So much of this book is worth reading and re-reading…and I can’t even begin to talk about all of it here. The part that hit me like a freight train was the section on how we talk about love, beginning on page 218 in the paperback edition. Miller notes the economic language with which we discuss our human relationships: we invest in people, our relationships can become bankrupt, and people are priceless. He says,

“The problem with Christian culture is we think of love as a commodity. We use it like money….This was the thing that had smelled so rotten all these years. I used love like money. The church used love like money. With love, we withheld affirmation from the people who did not agree with us, but we lavishly financed the ones who did.”

As he explained how this is played out on both the church and personal level, I felt my heart sink. This was me. For the past 2, 3, 4 years, I’ve withdrawn from many human relationships—with Christians and non-Christians, family members and friends—because I didn’t think it was worth the effort. I didn’t think it worth the effort because I believed no one would really put in the same kind of work in the relationship as I would…and if they’re not going to be equally as “invested” in the relationship, why even have one?

As I pondered this part of the book out loud with my wife after reading, I had to struggle to keep my emotions in check as the full weight of my own selfishness hit me. Even if my grossly unfair assumptions about other people were true, this is no reason to withhold Christ’s love and grace and commitment to them. After all, it’s not my love to withhold. Any love I can give comes by grace through Christ anyway. The more I thought about it, the more I found this mindset of love and commitment as a trade good to be deeply ingrained in my worldview. I am honestly ashamed, because I can look back now and see why many of my relationships have failed, how I could have been a better husband, and the impact it had on all sorts of personal ministry. To make matters worse, all I had to do was take my cue from the clear example of our Savior, who loves us so much—despite anything we have done—that he died for us, so that we would be redeemed and have life.  I believe this is the kind of unconditional love I should be sharing with all people.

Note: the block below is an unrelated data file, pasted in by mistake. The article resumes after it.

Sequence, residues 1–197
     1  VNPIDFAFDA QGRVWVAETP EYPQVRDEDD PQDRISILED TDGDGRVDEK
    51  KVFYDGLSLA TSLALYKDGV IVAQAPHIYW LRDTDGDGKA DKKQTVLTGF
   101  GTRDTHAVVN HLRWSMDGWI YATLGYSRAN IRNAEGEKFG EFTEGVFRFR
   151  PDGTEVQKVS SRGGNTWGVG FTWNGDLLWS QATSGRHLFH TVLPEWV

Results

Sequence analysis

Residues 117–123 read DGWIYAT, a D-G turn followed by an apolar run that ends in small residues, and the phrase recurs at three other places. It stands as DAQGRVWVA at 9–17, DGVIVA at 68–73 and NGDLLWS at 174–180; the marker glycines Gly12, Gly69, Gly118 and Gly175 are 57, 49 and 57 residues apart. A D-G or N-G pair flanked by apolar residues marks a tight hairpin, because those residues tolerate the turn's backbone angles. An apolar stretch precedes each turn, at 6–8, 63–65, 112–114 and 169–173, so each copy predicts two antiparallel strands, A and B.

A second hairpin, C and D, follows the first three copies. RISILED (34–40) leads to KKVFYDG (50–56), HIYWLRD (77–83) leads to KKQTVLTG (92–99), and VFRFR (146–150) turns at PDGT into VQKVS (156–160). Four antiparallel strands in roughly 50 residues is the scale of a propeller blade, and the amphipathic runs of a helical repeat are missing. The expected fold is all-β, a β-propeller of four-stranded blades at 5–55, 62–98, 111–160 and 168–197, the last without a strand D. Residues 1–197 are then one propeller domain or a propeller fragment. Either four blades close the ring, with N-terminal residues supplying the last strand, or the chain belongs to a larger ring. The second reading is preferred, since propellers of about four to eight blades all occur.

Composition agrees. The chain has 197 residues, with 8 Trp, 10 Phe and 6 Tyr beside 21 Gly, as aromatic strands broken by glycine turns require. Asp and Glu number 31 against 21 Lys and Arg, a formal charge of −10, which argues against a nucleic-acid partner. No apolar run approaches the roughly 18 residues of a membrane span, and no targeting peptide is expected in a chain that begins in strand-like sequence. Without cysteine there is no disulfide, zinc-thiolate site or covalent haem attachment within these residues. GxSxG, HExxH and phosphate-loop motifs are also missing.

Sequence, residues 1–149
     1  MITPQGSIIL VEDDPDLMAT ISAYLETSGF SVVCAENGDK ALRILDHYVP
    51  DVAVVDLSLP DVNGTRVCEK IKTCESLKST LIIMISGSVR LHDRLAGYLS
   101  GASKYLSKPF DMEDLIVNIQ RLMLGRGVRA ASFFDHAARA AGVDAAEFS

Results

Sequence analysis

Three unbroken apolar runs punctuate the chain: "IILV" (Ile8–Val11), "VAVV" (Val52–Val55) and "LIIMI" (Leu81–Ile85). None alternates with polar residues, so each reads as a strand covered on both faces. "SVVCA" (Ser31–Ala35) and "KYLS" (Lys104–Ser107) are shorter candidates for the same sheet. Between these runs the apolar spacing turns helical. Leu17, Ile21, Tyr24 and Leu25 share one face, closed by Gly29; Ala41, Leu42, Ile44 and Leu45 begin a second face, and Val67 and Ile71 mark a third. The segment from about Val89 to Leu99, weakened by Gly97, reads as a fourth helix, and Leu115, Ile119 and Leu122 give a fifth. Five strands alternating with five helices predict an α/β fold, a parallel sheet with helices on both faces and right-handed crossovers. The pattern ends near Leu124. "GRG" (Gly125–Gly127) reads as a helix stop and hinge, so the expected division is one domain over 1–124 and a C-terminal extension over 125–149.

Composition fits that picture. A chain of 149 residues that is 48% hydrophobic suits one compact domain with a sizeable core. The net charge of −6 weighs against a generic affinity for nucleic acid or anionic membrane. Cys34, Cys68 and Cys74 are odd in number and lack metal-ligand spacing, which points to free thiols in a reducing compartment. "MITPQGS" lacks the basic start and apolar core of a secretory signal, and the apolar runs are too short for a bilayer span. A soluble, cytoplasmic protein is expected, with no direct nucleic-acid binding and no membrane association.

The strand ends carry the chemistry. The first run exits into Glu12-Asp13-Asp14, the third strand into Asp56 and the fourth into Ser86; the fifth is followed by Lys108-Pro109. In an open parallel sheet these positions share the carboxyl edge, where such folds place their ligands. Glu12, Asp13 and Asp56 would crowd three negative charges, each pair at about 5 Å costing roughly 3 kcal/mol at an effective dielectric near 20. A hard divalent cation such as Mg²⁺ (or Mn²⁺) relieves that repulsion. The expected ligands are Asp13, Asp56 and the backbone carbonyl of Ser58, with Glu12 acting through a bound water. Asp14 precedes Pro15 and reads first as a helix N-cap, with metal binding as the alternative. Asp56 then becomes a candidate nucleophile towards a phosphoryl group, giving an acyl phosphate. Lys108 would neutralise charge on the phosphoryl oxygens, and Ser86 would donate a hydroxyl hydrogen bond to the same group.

I’m uncertain as to the specifics of what this means going forward—all this happened about 9 a.m. this morning. I know I need to stop withholding friendship and commitment based on a perceived level of reciprocity, and I really need to mediate anew on Ephesians 5, which begins this way:

…walk in love, as Christ loved us and gave himself up for us, a fragrant offering and sacrifice to God...”